My weekend reading consisted of a book that I randomly picked up at the library in the “NEW” rack. The title alone, “The Comet and the Tornado”, was intriguing enough that I starred at the book to scan the cover and see “Randy Pausch” mentioned. That sealed the deal that this would be adding to the pile of books I was checking out.
While the book itself was…interesting and enlightening of what it was like to be Randy’s officemate for six years, it wasn’t the author who offered the best advice. In an interaction with Ed Catmull, who at the time was Chief Technology Officer of Pixar, the author asks Dr. Catmull what is a necessary skill for prospective employees of Pixar. His answer may surprise you,
“It is an anti-ego device. In order for improvisational acting to work, you have to be a generous person. If you insist on always having the punch line or getting the laugh, then the entire improve skit falls apart. It only works if the actors have a generosity of spirit. And that is the kind of generosity you need in order to be successful team player. At least at a place like Pixar.”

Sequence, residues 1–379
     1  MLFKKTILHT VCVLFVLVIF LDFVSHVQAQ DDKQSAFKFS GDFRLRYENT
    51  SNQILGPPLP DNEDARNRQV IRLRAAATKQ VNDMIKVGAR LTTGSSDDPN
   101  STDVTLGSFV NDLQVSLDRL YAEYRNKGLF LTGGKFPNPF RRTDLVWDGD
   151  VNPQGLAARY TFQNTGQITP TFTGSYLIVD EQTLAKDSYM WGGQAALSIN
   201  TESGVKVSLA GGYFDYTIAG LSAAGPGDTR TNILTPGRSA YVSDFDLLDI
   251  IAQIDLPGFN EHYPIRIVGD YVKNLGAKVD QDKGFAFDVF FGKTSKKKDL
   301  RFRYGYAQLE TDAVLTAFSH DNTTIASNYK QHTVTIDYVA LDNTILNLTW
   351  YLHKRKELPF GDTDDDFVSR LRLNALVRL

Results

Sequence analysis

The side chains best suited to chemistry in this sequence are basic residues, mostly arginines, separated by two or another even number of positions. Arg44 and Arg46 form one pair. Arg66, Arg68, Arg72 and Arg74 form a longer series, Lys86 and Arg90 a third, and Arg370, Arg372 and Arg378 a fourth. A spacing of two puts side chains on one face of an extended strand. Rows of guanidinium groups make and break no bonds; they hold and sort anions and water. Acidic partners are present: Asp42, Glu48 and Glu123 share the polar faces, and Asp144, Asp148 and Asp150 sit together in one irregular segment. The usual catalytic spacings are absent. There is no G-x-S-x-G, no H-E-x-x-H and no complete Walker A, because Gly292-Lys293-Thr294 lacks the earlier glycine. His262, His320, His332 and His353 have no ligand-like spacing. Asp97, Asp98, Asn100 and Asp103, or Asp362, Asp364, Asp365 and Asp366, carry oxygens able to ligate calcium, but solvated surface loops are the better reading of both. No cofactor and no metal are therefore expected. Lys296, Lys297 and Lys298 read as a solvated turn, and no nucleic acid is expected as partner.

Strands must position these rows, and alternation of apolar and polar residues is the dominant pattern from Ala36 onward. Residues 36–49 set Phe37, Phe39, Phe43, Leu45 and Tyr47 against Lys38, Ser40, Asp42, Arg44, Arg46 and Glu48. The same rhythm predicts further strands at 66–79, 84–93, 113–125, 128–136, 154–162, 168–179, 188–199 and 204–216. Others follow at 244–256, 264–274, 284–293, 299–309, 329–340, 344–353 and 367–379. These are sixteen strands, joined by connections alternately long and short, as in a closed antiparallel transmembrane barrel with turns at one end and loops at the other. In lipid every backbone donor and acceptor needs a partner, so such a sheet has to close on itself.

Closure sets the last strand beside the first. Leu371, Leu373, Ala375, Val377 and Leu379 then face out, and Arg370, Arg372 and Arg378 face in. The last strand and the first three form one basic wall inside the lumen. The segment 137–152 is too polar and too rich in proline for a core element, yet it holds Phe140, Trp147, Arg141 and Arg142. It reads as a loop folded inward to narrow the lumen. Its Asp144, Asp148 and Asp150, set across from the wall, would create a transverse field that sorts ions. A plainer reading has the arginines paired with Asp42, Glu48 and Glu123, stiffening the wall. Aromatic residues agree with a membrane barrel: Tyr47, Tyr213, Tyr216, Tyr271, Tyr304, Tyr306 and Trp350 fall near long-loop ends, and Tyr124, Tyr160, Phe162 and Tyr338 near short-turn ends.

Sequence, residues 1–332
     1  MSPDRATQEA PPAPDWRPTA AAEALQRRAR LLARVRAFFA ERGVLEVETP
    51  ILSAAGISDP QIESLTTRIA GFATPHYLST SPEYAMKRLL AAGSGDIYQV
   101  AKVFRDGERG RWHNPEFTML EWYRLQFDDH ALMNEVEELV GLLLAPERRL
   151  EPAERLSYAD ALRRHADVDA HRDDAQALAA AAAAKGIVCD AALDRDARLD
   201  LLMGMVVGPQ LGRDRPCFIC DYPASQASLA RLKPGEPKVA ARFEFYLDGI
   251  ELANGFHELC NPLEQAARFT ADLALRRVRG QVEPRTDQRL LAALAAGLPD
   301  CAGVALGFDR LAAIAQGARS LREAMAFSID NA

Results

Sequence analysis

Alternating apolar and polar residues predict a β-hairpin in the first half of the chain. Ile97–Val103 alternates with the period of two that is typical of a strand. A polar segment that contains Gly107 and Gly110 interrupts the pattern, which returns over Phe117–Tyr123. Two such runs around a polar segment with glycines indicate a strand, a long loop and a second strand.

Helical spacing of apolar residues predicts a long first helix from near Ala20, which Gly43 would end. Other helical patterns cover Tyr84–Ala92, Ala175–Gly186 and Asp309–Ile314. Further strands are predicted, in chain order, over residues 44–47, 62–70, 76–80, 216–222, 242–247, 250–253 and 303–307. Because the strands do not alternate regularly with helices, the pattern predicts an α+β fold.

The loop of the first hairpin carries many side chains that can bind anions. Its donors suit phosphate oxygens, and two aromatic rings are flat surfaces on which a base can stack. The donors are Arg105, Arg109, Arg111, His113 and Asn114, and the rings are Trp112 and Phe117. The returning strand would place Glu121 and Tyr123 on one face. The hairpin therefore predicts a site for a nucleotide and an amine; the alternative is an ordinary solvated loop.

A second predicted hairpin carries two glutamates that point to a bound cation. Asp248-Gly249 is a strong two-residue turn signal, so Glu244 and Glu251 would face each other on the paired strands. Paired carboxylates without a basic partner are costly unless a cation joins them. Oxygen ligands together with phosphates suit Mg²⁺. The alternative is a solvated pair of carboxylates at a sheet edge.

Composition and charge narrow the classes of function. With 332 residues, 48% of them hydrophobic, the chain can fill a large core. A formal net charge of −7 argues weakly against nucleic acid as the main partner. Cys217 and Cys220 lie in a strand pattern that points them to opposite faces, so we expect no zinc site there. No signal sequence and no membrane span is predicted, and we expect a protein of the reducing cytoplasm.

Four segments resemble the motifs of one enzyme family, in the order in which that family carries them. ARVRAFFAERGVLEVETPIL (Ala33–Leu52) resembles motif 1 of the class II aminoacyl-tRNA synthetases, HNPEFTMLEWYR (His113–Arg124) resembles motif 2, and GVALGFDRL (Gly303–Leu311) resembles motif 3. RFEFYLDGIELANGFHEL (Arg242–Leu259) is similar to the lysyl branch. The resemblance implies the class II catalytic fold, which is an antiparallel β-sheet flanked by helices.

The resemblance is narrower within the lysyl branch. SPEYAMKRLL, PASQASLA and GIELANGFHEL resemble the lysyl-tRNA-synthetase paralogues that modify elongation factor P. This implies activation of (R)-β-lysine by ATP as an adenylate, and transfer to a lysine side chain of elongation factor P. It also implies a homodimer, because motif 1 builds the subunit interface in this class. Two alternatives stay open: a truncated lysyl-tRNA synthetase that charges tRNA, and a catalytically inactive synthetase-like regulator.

pg 47 – The Comet and the Tornado
Do we do enough of this in higher education? In K-12 education? Do we allow for improvisational thinking, acting, doing?
Last week during an #sachat many people mentioned using summer time to get caught up, to create new programs, and to plan for the next semester. Perhaps maybe you should add an improvisational workshop for your office to the agenda. From anti-ego device, to team builder, to communication workshop, to hilarity it seems to me that the outcomes of such an exercise could only be positive.
Let’s try it out in a series of comments…I’ll start with one line, then you comment only ONE line, and let’s see where the story goes…
I stepped through the doorway, anxiety in tow, to read a sign that had to be size 1000 font reading “WELCOME NEW STUDENTS” with an army of polo wearing, high-fiving, overly energetic young people waving at me with smiles that were also size 1000.”